News Archives

Congregations need new ways to reach young people

10/3/2003 News media contact: Kathy Gilbert · (615) 742-5470 · Nashville, Tenn.

This report is a sidebar to story #469. A photograph is available.

A UMNS-UMC.org Report By Kathy L. Gilbert*

To say that Laurie Day, 26, has been active in the United Methodist church since she was in junior high school seems like an understatement.

Her many roles include serving as a presidium member of the World Methodist Council and on the council's Youth Committee. She grew up in Idaho and is attending Iliff School of Theology this fall for a master's degree in justice of peace studies. At the same time, she is pursuing a master's in community social work at the University of Denver.

She was the Women's Division 2000 Theressa Hoover Community Service and Global Citizen award recipient. The grant gave her a chance to travel to Kenya to study the changing roles of women. She also served as a mission trip team leader, grant-writing intern, office assistant, youth leader, cook and camp counselor and mission trip participant.

"I have been called the poster child for the Board of Global Ministries," she jokes.

She has been active to a degree unmatched by most church members of any age. Her experiences have led her to conclude that the church must change its mindset if it is going to reach out to young people and survive.

"In another 20 or 30 years, the majority of the membership is going to be gone, at least in the United States, unless we start looking at alternative models of what is church and how people are involved in church," she says.

Those different models could include new ways of worshipping, she says.

"Your 11 a.m. Sunday service is not going to cut it, especially for young adults; we have so many others things we would rather do on Sunday mornings," she says. "Have church at a different time. There are different ideas of what church could be."

Day's role in the church got off to a running start when she was elected to the episcopacy committee for the Idaho Conference while in college.

"Basically I became one of the bishop's favorite young adults," she says. Because of that, she says she has been asked to serve on more committees than one person can handle.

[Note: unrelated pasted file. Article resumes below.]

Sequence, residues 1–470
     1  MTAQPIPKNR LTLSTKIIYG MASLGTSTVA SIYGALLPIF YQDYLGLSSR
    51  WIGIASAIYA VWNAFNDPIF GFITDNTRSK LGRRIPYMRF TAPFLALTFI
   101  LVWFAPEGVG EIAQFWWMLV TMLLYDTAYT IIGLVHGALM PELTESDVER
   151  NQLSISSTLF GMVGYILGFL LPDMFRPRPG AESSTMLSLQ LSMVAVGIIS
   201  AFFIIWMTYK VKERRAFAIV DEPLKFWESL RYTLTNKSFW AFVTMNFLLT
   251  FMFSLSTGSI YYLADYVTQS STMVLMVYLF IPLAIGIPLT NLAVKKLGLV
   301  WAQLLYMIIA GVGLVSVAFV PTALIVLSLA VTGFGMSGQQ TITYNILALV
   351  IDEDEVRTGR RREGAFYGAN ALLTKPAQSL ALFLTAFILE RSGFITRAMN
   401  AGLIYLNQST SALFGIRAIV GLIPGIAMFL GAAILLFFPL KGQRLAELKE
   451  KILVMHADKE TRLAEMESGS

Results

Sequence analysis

"I feel like bishops and other people in leadership positions only have a memory of like one or two people, and so it is those same one or two people that sort of become named all the time," she says.

The church is friendly to those who are actively involved, she says.

"We are a church of boards and committees and meetings, so the church is friendly to those who go to those things. If you are not involved in that, I don't think the church is friendly. On the local level, it is not very inviting. On a national or international level it is only inviting to a few select people."

The church must provide activities or resources that allow young people to develop their own activities, she says. Many young people she knows are turning to community groups or national organizations outside the church for social justice work.

"For myself and a lot of my friends, our faith compels us to work for social justice and social change," she says. "Unfortunately, right now in the church, there is not a lot of room for that."

While in high school, a lot of young people attend church because they grew up in it and their family and friends go there, she says. "For me it was a social thing, it was fun because my friends went there."

When she went to college, she says she didn't go to a church for a variety of reasons, including the lack of transportation and good campus ministry groups.

"A lot of people say the church doesn't know what to do with you once you graduate from high school," she says. "They just wait until you have young children and come back because you want your kids to grow up in the church."

Says Day: "We are the church now, not just the future."

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*Gilbert is a news writer with United Methodist News Service.

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